In its news release, the NLRB recognized that Cordúa Restaurants, Inc. is its first decision concerning the lawfulness of employer conduct surrounding mandatory arbitration agreements since Epic. It remains to be seen how state or district courts analyze a fact pattern such as this one, but this is a very encouraging development for employers if this is a sign of what’s to come from the NLRB. The decision strengthens employers’ power to effectuate mandatory arbitration agreements—now before and during pending litigation.
In the age of smartphones, virtually everyone has a recording device at his or her fingertips—including employees. This can present challenges in the workplace. For example, smartphones and other technology enable employees to secretly (read: illegally) record business meetings, disciplinary discussions with HR, and interactions with other employees. Not only does this violate privacy rights and trust, it also risks disclosing confidential company or employee information. Fortunately, employers are not without a remedy. California’s privacy laws offer protection against illegal recordings by employees. READ MORE
With a new Republican majority in the NLRB, the rules may be changing (again) when it comes to company emails. The NLRB is in the process of re-analyzing when and how employers can restrict employees’ company email use without running afoul of NLRA Section 7, and may begin upholding employer policies with facially neutral restrictions on company email and computer usage again in the near future.
A bit of background: Section 7 of the NLRA protects an employee’s right to engage in “concerted activities,” which occurs “when two or more employees take action for their mutual aid or protection regarding terms and conditions of employment.” The NLRA’s protection of “concerted activities” is a broader concept than “union activities” and covers many different activities, including employee discussions about pay, work conditions, and safety concerns. The NLRB has construed the terms “concerted” and “protected” very broadly and vaguely, to include any activity aimed at affecting employee interests.
Employers across the country started the work week with some positive and long-awaited news. On Monday, May 21, 2018, the U.S. Supreme Court ruled in a landmark case that employment arbitration agreements with class action waivers do not violate federal labor law. The Court’s 5-4 decision in Epic Systems Corp. v. Lewis, No. 160285 (U.S. May 21, 2018), consolidated with Ernst & Young LLP et al v. Morris et al., No. 16-300, and National Labor Relations Board v. Murphy Oil USA, Inc., et al. , No. 16-307, was authored by Justice Gorsuch, and settles the longstanding dispute over whether arbitration agreements containing class waivers are enforceable under the Federal Arbitration Act (FAA) despite the provisions of Section 7 of the National Labor Relations Act (NLRA). READ MORE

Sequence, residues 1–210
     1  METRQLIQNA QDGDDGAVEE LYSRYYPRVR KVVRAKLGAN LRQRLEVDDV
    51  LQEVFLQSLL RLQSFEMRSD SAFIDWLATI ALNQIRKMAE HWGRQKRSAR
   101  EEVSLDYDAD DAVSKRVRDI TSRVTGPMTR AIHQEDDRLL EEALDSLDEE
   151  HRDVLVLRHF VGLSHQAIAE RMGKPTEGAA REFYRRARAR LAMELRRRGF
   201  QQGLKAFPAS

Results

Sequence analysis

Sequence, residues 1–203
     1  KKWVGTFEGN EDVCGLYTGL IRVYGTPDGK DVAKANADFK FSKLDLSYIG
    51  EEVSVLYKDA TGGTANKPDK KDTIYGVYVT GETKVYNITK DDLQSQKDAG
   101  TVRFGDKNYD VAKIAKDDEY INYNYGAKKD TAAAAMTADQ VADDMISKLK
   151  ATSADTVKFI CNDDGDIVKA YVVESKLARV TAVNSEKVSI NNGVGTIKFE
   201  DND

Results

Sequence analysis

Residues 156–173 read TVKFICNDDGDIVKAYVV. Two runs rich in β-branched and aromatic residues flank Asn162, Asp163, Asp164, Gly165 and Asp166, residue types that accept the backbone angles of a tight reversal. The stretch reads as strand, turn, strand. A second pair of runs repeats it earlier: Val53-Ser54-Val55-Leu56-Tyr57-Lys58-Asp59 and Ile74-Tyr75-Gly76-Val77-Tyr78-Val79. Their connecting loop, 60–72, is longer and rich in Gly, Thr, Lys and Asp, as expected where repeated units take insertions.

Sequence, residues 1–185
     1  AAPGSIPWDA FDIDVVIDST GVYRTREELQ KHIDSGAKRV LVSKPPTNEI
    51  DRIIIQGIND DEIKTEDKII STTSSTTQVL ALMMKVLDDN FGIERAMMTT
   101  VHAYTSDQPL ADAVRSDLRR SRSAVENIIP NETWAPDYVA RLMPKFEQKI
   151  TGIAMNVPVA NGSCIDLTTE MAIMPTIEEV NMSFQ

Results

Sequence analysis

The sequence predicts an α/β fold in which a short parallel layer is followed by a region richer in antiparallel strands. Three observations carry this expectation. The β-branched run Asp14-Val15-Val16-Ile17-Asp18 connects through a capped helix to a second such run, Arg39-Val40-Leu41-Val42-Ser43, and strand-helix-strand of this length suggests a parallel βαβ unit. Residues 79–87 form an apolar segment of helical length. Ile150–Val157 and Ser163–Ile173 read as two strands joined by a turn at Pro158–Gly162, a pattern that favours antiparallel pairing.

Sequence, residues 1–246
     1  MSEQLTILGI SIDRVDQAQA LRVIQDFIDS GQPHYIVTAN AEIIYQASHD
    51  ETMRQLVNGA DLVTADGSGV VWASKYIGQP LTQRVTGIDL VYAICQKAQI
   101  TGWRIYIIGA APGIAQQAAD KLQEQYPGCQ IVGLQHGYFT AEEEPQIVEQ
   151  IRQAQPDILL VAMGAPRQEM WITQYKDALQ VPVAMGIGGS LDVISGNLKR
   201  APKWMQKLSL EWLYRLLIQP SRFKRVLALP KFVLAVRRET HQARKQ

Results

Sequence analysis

The NLRB continues to find fault with employers who discipline or terminate employees for sending emails discussing the terms and conditions of employment.
When four restaurant workers at Mexican Radio responded to a group email from former employee Annette Polanco complaining about the wages, work schedules, tip policy, and the treatment of workers, the now-closed Manhattan location of the chain responded by preparing reprimands and then terminating their employment. READ MORE
As a result of recent activity at the D.C. Circuit and the National Labor Relations Board (the “NLRB”), the joint employer standard is in a state of flux. On April 6, 2018, the D.C. Circuit decided that it will review the NLRB’s ruling in Browning-Ferris Industries of California, Inc. (“Browning-Ferris”), a controversial decision concluding that a company and its contractor could be found to be joint employers even if the company did not exert overt control over workers’ terms and conditions of employment. In December 2017, the D.C. Circuit remanded the case in light of the NLRB’s decision in Hy-Brand Industrial Contractors, Ltd. and Brandt Construction Co. (“Hy-Brand”), which overruled the broad Browning-Ferris standard for joint employment and returned to a more employer-friendly standard. But, the NLRB recently vacated its Hy-Brand decision based on a conflict regarding one of its Members. Now, the D.C. Circuit likely will weigh in on the appropriate scope of the joint employer standard. READ MORE
In July, we reported that the Supreme Court scheduled oral arguments to settle the circuit split of whether mandatory class action waivers violate section 7 of the National Labor Relations Act (“NLRA”).
Last month, both sides argued before the Court: the pro-employer representatives argued that arbitration agreements containing class waivers must be enforced under the FAA (representing the Second, Fifth and Eighth Circuits) while the pro-employee representatives argued that class waiver provisions contained in arbitration agreements are illegal under the NLRA and thus, not subject to the FAA (representing the Sixth, Seventh and Ninth Circuits). READ MORE
On Friday, June 16, 2017, the United States Department of Justice (DOJ) filed an amicus brief reflecting a change of heart when it comes to the enforceability of class waivers in arbitration agreements. In an unprecedented move, President Trump’s acting solicitor general, Jeffrey B. Wall, said his office had “reconsidered the issue and has reached the opposite conclusion” as the Obama administration in a set of consolidated cases currently before the U.S. Supreme Court, NLRB v. Murphy Oil USA Inc. (Docket Nos. 16-285, 16-300, and 16-307).
On April 21, 2017, the Second Circuit Court of Appeals upheld a National Labor Relations Board (NLRB or Board) ruling that an employer violated the National Labor Relations Act (NLRA or Act) when it discharged a catering employee for posting a vulgar comment on social media directed at his supervisor. In NLRB v. Pier Sixty, LLC (2d Cir. 2017), the court determined that the employee’s post, under the particular circumstances of the case, was not so “opprobrious” as to lose protection under the NLRA. READ MORE